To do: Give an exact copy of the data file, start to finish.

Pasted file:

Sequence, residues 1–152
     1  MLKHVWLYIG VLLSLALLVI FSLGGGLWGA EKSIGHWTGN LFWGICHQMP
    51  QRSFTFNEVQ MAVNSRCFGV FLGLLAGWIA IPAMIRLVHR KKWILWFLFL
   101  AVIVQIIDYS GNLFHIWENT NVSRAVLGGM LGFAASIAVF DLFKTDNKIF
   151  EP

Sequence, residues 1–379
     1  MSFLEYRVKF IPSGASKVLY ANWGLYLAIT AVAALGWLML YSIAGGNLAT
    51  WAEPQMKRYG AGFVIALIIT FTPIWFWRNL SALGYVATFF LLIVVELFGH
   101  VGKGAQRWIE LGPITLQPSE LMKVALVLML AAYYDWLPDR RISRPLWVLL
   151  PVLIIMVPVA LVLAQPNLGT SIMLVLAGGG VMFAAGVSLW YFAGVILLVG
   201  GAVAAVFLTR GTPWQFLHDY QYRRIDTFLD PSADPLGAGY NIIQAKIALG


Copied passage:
Sequence, residues 1–152
     1  MLKHVWLYIG VLLSLALLVI FSLGGGLWGA EKSIGHWTGN LFWGICHQMP
    51  QRSFTFNEVQ MAVNSRCFGV FLGLLAGWIA IPAMIRLVHR KKWILWFLFL
   101  AVIVQIIDYS GNLFHIWENT NVSRAVLGGM LGFAASIAVF DLFKTDNKIF
   151  EP

Sequence, residues 1–379
     1  MSFLEYRVKF IPSGASKVLY ANWGLYLAIT AVAALGWLML YSIAGGNLAT
    51  WAEPQMKRYG AGFVIALIIT FTPIWFWRNL SALGYVATFF LLIVVELFGH
   101  VGKGAQRWIE LGPITLQPSE LMKVALVLML AAYYDWLPDR RISRPLWVLL
   151  PVLIIMVPVA LVLAQPNLGT SIMLVLAGGG VMFAAGVSLW YFAGVILLVG
   201  GAVAAVFLTR GTPWQFLHDY QYRRIDTFLD PSADPLGAGY NIIQAKIALG